About eighty kilometres northwest of Bydgoszcz is the city of Zlotow which in connection with the creation of the polish second republic (1918-1939) ended up in Germany, West Prussia. The city was then called Flatow and had when the Nazis came to power in January 1933 a population of about 7000 people where only just under 200 were jews. As a consequence, anti-Jewish laws were introduced, many of the Jews moved from the city. In August 1938, the remaining Jews were so few in number that the local jewish community had to sell the synagogue to the city. Already in October 1938 the authorities had the synagogue blown up (one month before Kristallnacht) and the Jews were forced to remove the rubble. In 1940 the remaining Jews were put in camps and later deported to the Lublin region. None of the Jews survived the war. After the war, Flatow ended up in Poland and regained the name Zlotow.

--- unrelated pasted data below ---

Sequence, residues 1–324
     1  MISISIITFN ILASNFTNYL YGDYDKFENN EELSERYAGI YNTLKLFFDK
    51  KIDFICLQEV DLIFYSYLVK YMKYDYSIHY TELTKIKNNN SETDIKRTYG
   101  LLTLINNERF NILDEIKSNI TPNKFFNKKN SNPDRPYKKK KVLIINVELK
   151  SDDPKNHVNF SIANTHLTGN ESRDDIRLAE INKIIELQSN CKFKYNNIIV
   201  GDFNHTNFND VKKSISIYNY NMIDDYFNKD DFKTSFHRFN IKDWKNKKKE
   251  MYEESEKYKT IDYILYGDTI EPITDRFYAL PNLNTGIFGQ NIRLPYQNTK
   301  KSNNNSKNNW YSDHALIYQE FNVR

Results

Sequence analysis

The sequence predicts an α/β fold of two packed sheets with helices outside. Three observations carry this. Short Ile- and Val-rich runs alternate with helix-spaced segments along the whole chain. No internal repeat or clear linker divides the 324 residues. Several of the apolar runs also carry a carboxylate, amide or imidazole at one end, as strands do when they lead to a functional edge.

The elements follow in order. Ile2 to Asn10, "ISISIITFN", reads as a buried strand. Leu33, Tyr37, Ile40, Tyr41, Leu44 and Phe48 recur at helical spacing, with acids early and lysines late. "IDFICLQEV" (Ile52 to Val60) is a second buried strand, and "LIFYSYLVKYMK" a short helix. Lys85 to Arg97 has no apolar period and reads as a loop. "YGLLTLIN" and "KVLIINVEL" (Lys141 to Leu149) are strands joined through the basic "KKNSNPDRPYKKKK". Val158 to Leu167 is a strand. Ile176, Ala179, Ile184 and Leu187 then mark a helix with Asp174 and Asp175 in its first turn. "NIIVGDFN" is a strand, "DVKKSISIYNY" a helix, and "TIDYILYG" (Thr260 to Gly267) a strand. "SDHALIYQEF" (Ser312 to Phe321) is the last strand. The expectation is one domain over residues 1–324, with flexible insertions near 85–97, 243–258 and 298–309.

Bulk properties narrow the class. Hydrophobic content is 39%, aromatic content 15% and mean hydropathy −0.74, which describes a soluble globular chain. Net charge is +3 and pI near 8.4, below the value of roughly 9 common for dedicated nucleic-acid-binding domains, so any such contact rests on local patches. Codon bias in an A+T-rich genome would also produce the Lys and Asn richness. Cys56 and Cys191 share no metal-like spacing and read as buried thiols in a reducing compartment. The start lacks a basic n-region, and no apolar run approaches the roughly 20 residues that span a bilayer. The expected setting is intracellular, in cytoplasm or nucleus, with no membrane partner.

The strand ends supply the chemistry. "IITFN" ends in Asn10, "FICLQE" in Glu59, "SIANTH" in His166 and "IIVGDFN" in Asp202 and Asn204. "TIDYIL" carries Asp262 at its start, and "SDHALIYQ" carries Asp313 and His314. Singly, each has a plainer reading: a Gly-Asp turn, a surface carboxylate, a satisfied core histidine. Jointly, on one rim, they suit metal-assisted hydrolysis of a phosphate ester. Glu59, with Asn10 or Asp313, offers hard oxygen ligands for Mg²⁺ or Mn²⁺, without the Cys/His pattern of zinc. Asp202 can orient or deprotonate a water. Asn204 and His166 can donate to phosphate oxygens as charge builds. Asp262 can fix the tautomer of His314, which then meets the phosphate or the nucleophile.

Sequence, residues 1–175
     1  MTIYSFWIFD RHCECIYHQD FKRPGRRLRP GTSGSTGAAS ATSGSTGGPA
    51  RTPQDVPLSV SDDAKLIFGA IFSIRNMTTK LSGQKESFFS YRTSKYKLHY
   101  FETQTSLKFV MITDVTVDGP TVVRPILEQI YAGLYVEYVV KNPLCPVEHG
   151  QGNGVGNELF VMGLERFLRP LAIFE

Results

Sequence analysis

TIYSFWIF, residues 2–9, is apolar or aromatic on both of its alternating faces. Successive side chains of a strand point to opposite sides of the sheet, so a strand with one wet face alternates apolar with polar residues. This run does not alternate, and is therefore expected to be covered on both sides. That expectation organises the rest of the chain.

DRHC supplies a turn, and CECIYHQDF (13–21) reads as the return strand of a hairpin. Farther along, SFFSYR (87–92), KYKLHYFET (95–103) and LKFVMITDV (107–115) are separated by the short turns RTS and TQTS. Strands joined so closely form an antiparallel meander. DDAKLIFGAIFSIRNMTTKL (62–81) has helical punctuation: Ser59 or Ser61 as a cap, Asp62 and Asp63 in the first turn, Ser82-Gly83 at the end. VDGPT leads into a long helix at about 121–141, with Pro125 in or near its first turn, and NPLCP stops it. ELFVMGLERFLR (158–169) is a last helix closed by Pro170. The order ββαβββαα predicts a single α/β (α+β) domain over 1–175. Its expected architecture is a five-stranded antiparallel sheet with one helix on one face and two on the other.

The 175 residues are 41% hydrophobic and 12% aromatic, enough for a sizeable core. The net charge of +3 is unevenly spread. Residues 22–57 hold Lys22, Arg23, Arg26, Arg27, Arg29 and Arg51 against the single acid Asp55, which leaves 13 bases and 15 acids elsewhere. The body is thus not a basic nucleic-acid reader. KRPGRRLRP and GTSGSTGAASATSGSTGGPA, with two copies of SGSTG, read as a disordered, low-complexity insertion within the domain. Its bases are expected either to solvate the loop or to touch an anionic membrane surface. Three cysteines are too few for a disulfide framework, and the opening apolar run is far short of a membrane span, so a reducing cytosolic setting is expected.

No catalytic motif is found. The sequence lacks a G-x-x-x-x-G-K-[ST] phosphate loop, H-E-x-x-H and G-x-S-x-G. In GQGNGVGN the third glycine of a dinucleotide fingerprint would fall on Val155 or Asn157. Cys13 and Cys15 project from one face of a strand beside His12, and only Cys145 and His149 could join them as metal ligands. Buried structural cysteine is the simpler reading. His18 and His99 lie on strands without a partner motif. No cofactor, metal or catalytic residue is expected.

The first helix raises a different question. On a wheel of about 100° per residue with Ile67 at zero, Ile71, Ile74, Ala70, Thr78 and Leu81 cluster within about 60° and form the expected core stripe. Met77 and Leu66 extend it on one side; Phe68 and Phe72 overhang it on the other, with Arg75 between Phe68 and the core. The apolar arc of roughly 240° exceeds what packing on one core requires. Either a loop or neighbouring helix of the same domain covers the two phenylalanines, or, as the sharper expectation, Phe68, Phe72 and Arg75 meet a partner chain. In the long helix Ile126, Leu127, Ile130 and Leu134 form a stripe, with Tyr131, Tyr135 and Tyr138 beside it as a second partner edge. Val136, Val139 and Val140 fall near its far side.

Current status: Demolished with monument (2024).

Location: 53°21' 46.56" N 17°02' 06.56" E

Get there: Car.

My comment:

In the square where the synagogue stood, its shape has been marked out on the ground as a form of memorial monument. The square itself is used as a marketplace.

Follow up in books: Gilberg, Martin: Holocaust: A History of the Jews of Europe During the Second World War (1987).